HAF Promotes Pluralism and Religious Freedom at Ninth Annual D.C. Advocacy Days

Washington, D.C. (September 21, 2012) – The Hindu American Foundation (HAF) marked its ninth annual Washington, D.C. Advocacy Days and Capitol Hill Reception earlier this week by promoting a message of pluralism, human rights, and religious freedom. A delegation of HAF leaders, supporters, and congressional interns from across the country joined together to advocate on behalf of the Hindu American community and participated in intense meetings with over 40 congressional offices and the Tom Lantos Human Rights Commission.
The Foundation’s agenda this year focused on the persecution of religious minorities in Pakistan, the ongoing human rights plight of Kashmiri Hindus embodied in U.S. House Resolution 387, and obtaining congressional support for an official United States Postal Service Diwali stamp. In addition to congressional meetings, HAF delegates held a series of strategic dialogues with leading think tanks and South Asia policy experts, the U.S. Department of State’s Ambassador at-large for International Religious Freedom, and the Indian and Canadian Embassies.
Wednesday's events also coincided with a Senate Judiciary Subcommittee Hearing on “Hate Crimes and the Threat of Domestic Extremism,” organized in the aftermath of the Sikh temple shooting in Wisconsin. HAF previously joined a number of other faith-based advocacy and civil rights organizations in formally requesting the Hearing, and the Foundation also submitted, for the record, written testimony upon the request of Senator Dick Durbin’s (D-IL) office. HAF’s substantive testimony provided historical and demographic background on the Hindu American community and highlighted specific incidents of hate crimes, including both hate speech and bias or hate crimes against Hindu Americans. HAF’s testimony also pointed to limitations in FBI data collection, which currently does not account for anti-Hindu crimes as a separate category. A number of HAF leaders attended the Hearing as well, demonstrating their support for Sikh Americans and all communities affected by hate crimes.
"As a society, we need to systematically address the root causes of intolerance and violence that lead to tragic events such as the Sikh temple shooting in Wisconsin,” said Suhag Shukla, HAF’s Executive Director and Legal Counsel. “Unfortunately, this horrific incident was only one of thousands of hate crimes that impact Americans of all backgrounds annually, including members of the Hindu community.”
Following the Hearing and the day’s meetings, the Foundation hosted a gala reception honoring Members of Congress, other government officials, and community leaders for their commitment to promoting understanding of Hindu American issues, tolerance, and pluralism. The reception also celebrated the auspicious day of Ganesh Chaturthi, a day honoring Lord Ganesha, the Remover of Obstacles, with a mesmerizing prayer recited by two artists with the South Asian Performing Arts Network.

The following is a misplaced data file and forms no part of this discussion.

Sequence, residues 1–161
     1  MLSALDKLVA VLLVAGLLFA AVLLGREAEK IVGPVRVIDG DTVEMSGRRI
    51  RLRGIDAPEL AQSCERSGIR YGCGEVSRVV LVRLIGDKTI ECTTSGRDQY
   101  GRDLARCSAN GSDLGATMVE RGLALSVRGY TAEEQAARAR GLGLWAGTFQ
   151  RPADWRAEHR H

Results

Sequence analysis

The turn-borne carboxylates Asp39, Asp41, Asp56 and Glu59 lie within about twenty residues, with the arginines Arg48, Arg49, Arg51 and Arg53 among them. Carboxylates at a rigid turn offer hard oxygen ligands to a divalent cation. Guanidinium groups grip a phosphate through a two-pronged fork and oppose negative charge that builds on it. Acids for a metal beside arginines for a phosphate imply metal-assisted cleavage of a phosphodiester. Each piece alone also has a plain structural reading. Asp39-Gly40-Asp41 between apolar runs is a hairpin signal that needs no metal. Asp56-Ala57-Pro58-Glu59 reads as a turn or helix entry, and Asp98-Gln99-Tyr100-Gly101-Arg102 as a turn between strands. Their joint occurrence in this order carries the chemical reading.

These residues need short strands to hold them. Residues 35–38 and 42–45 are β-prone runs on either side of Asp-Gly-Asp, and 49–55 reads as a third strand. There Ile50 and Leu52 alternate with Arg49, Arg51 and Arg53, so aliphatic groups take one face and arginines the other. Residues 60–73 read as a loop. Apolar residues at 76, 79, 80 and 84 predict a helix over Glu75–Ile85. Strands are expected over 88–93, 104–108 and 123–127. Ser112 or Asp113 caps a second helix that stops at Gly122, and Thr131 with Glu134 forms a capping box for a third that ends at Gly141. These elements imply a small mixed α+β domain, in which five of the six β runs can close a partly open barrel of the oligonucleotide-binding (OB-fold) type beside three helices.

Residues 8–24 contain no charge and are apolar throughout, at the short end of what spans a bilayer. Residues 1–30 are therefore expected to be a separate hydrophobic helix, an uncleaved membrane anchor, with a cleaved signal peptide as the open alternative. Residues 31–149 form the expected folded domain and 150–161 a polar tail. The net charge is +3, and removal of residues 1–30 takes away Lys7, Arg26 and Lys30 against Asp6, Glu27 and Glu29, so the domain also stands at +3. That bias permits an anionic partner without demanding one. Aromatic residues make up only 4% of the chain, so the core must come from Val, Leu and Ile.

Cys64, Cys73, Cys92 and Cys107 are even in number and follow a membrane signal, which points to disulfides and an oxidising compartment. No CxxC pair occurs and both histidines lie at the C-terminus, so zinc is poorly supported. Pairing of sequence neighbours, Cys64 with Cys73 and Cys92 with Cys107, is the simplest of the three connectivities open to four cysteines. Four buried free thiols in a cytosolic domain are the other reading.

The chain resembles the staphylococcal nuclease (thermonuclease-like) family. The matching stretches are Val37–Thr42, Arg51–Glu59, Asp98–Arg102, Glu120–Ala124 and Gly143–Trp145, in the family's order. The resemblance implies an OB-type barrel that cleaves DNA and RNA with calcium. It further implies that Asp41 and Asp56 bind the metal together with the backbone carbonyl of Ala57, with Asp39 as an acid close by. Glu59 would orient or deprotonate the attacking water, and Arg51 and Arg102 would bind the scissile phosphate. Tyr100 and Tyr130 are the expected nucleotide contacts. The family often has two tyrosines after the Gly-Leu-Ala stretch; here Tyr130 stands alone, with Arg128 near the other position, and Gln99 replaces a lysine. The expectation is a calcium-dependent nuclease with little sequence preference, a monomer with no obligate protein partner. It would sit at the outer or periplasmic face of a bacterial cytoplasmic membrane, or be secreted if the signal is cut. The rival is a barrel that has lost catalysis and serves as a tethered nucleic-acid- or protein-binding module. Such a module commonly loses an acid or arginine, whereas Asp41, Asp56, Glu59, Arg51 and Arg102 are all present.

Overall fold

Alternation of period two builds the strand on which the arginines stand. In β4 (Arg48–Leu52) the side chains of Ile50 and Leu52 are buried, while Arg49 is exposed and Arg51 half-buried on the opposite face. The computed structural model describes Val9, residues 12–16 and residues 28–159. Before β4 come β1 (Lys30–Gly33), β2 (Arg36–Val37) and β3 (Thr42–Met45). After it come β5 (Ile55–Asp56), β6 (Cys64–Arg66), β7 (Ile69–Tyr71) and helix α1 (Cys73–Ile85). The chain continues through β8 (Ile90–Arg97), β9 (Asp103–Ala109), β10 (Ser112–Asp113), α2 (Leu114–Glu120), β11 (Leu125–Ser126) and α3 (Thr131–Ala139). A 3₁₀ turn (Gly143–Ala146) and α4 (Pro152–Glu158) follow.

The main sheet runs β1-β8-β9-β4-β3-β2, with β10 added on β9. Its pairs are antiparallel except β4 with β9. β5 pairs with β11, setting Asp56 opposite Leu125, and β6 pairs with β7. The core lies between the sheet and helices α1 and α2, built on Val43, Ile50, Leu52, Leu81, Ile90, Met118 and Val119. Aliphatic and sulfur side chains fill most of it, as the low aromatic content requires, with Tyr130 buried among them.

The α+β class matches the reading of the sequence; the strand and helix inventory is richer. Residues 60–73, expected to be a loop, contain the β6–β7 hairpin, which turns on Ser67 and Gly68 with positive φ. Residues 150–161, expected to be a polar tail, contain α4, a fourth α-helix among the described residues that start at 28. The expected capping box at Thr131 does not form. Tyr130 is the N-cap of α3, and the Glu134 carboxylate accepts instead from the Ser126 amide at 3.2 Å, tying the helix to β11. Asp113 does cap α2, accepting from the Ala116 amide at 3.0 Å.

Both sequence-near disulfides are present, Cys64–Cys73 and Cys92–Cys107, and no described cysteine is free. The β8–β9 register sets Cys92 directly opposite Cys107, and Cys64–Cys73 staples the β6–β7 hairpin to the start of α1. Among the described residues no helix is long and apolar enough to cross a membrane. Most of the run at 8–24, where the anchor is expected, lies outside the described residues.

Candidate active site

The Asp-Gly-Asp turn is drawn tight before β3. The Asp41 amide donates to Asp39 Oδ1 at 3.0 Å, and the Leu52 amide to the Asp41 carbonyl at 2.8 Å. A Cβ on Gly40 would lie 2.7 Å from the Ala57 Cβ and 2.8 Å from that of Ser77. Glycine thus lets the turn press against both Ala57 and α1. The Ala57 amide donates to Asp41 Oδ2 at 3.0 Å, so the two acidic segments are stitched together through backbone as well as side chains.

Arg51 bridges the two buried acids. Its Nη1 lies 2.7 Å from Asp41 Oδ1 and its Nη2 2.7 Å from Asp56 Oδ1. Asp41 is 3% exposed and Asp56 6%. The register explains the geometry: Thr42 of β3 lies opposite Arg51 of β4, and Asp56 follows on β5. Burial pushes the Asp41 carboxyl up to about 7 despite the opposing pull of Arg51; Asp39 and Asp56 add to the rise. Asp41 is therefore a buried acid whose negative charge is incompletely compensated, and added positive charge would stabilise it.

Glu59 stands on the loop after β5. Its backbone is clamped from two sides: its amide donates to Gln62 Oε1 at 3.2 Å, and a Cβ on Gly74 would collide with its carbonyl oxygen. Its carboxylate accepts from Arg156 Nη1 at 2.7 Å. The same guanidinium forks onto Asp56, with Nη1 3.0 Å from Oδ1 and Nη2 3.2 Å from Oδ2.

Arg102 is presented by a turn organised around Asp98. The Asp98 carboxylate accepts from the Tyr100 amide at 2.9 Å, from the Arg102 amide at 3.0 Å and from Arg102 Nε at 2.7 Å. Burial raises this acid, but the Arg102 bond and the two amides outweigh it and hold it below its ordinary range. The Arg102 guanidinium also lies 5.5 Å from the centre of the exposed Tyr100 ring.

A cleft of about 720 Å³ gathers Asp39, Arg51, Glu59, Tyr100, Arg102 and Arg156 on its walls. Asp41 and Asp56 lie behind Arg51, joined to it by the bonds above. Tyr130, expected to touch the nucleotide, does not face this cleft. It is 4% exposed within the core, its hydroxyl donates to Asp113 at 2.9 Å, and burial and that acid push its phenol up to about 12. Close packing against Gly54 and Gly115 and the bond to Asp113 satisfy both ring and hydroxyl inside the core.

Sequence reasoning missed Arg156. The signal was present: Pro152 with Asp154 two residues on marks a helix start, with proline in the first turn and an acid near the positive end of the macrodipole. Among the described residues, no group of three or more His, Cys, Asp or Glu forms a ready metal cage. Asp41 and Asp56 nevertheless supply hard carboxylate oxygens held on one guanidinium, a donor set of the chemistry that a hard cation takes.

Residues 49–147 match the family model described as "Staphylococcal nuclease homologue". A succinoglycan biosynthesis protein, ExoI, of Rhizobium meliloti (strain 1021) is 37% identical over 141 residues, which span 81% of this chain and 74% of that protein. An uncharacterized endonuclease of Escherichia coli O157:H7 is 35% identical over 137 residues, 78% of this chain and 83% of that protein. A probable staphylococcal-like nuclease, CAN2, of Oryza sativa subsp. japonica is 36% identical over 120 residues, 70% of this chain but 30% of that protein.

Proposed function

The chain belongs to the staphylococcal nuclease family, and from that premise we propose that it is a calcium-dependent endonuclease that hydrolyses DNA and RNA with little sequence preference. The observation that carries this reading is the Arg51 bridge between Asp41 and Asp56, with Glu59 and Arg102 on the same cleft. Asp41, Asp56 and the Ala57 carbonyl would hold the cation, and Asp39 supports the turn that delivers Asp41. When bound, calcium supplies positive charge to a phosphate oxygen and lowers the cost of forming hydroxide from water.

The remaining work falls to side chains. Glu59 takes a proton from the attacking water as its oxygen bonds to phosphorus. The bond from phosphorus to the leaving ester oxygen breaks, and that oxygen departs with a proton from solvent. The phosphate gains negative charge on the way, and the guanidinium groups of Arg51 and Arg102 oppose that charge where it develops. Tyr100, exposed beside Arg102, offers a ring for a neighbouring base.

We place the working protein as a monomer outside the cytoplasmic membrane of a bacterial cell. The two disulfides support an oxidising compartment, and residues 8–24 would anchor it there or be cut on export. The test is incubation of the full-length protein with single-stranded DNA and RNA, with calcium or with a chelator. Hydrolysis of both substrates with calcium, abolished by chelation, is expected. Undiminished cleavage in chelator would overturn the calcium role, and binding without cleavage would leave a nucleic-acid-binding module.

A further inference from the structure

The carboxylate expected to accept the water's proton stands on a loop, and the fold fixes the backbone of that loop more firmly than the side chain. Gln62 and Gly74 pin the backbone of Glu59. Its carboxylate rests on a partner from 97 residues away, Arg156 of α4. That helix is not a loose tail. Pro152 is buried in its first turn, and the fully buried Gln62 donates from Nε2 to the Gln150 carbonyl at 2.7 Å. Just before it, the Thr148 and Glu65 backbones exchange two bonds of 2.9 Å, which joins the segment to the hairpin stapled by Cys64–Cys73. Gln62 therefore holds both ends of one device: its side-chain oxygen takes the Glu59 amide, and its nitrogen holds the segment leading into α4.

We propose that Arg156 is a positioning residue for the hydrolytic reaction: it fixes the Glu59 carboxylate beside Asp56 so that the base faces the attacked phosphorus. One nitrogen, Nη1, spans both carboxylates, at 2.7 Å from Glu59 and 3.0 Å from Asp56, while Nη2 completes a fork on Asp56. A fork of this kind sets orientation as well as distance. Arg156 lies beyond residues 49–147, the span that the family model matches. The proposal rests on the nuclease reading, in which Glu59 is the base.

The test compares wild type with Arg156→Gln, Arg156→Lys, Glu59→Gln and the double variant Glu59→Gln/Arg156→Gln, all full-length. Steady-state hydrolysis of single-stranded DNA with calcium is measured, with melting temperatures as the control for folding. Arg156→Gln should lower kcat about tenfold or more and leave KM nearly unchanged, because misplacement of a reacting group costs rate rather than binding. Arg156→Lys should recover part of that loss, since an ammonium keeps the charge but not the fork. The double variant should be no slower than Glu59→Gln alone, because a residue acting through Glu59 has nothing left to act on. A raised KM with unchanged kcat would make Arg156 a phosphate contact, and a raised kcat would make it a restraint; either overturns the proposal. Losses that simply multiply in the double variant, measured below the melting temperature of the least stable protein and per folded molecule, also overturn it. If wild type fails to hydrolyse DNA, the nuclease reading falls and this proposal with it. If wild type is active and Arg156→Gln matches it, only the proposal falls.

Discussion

Senator Robert Menendez (D-NJ) and Rep. Robert Dold (R-IL) were among the evening’s first award recipients, both receiving HAF’s Friend of the Community Award.
Senator Menendez introduced S. Res 291 in October 2011, recognizing the cultural and spiritual significance of Diwali for Hindus, Jains, and Sikhs throughout the world. The resolution was unanimously passed in the Senate. Moreover, this past summer, the Senator hosted an intern in his office in conjunction with HAF’s Congressional Internship Program. And within the last few weeks, Sen. Menendez embarked on a bipartisan initiative in writing to Pakistani President, Asif Ali Zardari, urging his government to do more to prevent violence and discrimination against the country’s minorities.
Similarly, Rep. Dold has been known as a vocal proponent of human rights and made remarks on the floor of the House of Representatives last year condemning the daily persecution against Bangladesh’s Hindu minority. Congressman Dold, along with Rep. Brad Sherman (D-CA), was instrumental in spearheading a letter to Secretary of State Hillary Clinton pressing her to address the issue of religious persecution of minorities in Pakistan.
"The Hindu American community is very appreciative of the efforts of Representatives Dold and Sherman and Senator Menendez in working on issues of concern to Hindu Americans,” said Jay Kansara, HAF’s Washington, D.C. based Associate Director. “Their leadership has been particularly significant in raising awareness of Hindu human rights issues around the world.”
Other honorees during the gala included the President of Interfaith Alliance, Reverend Welton C. Gaddy, who received HAF’s Mahatma Gandhi Award for the Advancement of Religious Pluralism. Additionally, Dr. Vinod Prakash of India Development and Relief Fund and Dr. Animesh Sinha, a U.S. based General Practitioner won the Dharma Seva and Pride of the Community Awards, respectively.
Finally, towards of the end of the program, Rep. John Garamendi (D-CA) and Majority Leader in the Maryland House of Delegates, Kumar Barve (D-MD), addressed the audience. Rep. Garamendi acknowledged the importance of HAF’s efforts in both educating elected leaders and the public at large about Hinduism, as well as its work in ensuring transparency and accuracy in state-level adoption of school textbooks. As a Hindu American himself, Barve expressed his appreciation for the advocacy work of HAF and reminded the audience of the importance of speaking up to ensure its voice is heard in this vibrant democracy.